The Secret Behind Accurate Estimating

Corporate Exit Strategist for the Blooming Entrepreneur

Time is just a form of measurement.  It’s a tool for our convenience.  One of the uses for “time” is to synchronize pieces of a project:  to schedule the various work products and integrate into a quality product, service or event.  Inaccurate estimating skills slow down the entire team and builds resentment in those required to pick-up the slack.

So – if time is just a form of measurement, why do we have trouble with our schedules and approximation?

Just like there are 12 inches in a foot, and 3 feet in a yard or 16 ounces in a pound, there are 60 seconds in an hour.   We don’t normally stress if we are given more material than we would like for a shirt, we simply measure and cut what we desire.  We don’t normally feel guilty when we cannot pour 8 pounds of sugar into a 5 pound sack.   Why do we fret when we cannot fit our activities into the time allotted?

The simplistic answer is that, unlike measuring material or sugar, activities are less tangible and tactile.  We can accurately guess how much 3 yards of material looks like.   We can “eye-ball” what 5 pounds of sugar, wheat, or flour looks like.   We are just not good at calculating what 1 hour of “activity” holds.

 

Some will argue that every task is different, so it’s impossible to estimate how long something takes.  That may be true if you only do a task one time and every task is so dramatically different it’s impossible to interpolate from other similar tasks.   This is not the case.  Eight out of 10 cases, you will be doing similar things; therefore, you can log how long they are actually taking you.  Once you take the time to log the actual time, you can better estimate for next time.

So, like anything else, accurate estimating takes some practice and logging your results.

The upcoming series will cover three methods of charting and logging your work product estimations:

  1. Iterative charting to improve accuracy
  2. Charting for effective communications
  3. Charting for a streamlining process example

Tip:  If you are a beginner in accurate estimating, the first thing is to experience what time actually feels like.   Do the following test to see how accurate you are currently in-tune with time.  If you feel your task will take 10 minutes, actually set your timer to 10 minute and start your task.  Once the timer goes off, stop and actually see how much work you have left.  If you were pretty close to finishing your task, you have a good feel for time.  If you’re not done, then we have some practicing to do.   Now that you have a deliberately felt how long 10 minutes is, interpolate how long it will take you to complete the rest of the task.  Repeat the exercise until you are better aligned with time, itself.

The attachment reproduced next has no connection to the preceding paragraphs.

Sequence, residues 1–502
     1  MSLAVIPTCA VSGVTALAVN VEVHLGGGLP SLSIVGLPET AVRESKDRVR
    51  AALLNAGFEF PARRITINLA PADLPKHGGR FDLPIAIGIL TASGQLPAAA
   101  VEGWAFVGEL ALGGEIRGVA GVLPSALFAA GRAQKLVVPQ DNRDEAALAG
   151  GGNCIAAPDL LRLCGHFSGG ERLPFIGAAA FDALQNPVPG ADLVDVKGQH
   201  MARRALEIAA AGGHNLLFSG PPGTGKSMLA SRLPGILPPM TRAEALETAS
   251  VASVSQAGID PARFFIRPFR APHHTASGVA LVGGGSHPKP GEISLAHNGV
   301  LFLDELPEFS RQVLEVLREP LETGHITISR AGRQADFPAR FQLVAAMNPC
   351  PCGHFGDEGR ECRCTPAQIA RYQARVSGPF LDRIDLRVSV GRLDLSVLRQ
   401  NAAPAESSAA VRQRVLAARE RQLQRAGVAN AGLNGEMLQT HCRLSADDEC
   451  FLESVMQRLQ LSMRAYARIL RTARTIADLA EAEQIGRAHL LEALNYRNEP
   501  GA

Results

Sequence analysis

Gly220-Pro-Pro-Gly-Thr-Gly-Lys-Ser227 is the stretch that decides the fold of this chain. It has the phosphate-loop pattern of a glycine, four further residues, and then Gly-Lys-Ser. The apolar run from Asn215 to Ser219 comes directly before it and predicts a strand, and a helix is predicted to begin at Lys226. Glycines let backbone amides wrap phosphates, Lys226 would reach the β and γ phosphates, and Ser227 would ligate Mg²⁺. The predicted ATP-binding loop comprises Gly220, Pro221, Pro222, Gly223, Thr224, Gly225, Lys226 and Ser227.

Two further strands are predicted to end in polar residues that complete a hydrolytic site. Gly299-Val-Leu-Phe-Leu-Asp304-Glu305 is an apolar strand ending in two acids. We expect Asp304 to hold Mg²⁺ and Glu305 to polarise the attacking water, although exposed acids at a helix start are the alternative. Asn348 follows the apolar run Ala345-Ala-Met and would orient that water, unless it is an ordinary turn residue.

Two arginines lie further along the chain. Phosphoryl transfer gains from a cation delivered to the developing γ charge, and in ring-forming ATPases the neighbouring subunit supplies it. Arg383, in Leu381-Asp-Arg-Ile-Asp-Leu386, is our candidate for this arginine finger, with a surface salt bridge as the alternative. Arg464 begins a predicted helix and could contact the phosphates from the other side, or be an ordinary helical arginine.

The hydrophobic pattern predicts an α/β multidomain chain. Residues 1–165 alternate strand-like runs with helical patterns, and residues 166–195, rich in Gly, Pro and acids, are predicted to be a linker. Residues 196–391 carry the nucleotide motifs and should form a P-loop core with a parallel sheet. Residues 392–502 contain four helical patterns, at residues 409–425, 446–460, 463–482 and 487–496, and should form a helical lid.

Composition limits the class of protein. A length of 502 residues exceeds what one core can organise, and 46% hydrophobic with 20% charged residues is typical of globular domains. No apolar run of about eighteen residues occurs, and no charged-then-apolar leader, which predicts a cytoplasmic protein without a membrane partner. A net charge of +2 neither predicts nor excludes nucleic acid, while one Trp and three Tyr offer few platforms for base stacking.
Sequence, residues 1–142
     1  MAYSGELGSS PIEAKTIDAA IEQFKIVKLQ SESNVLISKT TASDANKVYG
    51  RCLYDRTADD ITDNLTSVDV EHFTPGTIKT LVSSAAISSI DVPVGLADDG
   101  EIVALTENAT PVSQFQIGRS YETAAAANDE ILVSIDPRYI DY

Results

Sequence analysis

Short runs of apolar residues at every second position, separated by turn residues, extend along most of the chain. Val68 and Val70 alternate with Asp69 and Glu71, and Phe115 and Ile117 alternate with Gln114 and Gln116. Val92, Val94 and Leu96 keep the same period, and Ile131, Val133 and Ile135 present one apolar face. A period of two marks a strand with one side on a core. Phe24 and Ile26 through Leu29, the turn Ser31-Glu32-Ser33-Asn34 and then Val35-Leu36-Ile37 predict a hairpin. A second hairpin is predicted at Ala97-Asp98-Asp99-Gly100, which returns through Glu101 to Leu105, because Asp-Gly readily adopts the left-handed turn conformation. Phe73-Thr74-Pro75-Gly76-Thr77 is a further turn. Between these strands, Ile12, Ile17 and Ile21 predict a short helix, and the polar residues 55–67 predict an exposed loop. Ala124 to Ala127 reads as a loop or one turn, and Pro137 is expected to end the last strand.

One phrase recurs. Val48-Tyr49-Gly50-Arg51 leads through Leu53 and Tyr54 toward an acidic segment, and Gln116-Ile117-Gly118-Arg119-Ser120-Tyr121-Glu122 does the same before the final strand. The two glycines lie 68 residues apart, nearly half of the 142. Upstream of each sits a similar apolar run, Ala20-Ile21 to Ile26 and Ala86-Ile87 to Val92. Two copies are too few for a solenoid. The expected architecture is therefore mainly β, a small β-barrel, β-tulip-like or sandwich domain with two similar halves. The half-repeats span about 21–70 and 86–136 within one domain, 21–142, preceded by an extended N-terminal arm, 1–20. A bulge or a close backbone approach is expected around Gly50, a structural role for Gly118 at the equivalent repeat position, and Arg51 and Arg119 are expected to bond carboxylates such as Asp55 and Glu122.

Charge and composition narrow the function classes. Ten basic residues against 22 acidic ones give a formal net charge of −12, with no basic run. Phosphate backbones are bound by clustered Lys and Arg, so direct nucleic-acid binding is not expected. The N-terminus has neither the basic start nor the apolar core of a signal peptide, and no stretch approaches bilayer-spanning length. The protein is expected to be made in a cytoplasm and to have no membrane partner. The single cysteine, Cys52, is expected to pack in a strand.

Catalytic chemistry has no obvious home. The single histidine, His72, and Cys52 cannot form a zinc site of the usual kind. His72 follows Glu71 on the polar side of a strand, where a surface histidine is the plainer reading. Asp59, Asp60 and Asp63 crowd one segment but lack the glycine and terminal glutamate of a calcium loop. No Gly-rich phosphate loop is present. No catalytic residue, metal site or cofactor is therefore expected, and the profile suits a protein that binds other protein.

Charting and Logging:

Once you have calibrated your internal clock to be more aligned with actual time, let’s start charting your estimating skills.

When starting, you will need to keep track of five things:

  • The task
  • Impact (who is waiting on it)
  • Quality required
  • Estimated time
  • Actual time

Basic Recipe:

  • Tasks:  We need to understand all the steps involved in this particular task.
  • Impact:  Are there stakeholders involved, anything associated or connected with this task, is anyone waiting on it?
  • Quality:  Does it require a high-level of quality to get to the next step?
  • Estimated time:  time we think it will take
  • Actual time:  time it actually took.

 

Tip:  Major mistake most make is not logging the actual time it took versus the estimated time.  Many will overwrite the planned with the actual time (or avoid writing the actual time altogether).  The problem with this is that you cannot improve your skills if you don’t know how much you are actually off.

Every time you do a significant task, log and track it.  You need to actually time it as well to see how accurate your estimates are.  Keep in mind the quality required to take it to the next step.  For instance, if you want to give your graphic artist an idea of your concept, you don’t need to write a 7 page white paper on it.  A quick picture or diagram could effectively convey the concept in a matter of seconds.   This may be enough for the other person to draft up some conceptual logos, sketches or graphics.

Conclusion:

The typical reason we are off on our estimates is that we don’t really study how long things really take.  We don’t deliberately experience 10 minutes or 30 minutes.  Therefore, we aren’t really confident how much we can fit in that time slot.  By attentively timing, logging and tracking our time on certain tasks, we will build a good foundation toward accurate estimations.

The next article will give additional techniques for logging and tracking our estimations.  Remember, purposeful practice makes perfect.

 

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